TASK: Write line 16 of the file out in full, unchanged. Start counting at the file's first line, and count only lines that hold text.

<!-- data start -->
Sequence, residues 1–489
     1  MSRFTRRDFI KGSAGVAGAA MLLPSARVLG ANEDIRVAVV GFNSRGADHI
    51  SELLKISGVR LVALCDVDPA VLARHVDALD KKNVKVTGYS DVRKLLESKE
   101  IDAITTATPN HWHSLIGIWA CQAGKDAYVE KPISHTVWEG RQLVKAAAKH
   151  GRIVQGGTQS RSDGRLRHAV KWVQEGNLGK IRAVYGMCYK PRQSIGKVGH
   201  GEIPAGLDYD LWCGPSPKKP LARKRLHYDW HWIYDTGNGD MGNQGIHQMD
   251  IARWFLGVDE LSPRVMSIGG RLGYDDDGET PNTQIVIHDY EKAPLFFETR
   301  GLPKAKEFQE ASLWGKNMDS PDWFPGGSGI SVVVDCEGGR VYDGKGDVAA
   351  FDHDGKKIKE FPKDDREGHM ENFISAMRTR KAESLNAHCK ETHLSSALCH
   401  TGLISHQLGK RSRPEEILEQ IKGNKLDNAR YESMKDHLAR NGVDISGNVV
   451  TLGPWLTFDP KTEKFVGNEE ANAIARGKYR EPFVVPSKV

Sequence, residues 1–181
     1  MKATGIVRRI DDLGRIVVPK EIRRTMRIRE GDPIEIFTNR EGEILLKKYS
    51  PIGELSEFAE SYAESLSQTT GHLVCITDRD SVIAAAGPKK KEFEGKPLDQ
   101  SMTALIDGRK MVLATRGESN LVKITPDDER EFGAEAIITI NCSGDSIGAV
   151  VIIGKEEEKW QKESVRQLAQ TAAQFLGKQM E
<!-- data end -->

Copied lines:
   151  VIIGKEEEKW QKESVRQLAQ TAAQFLGKQM E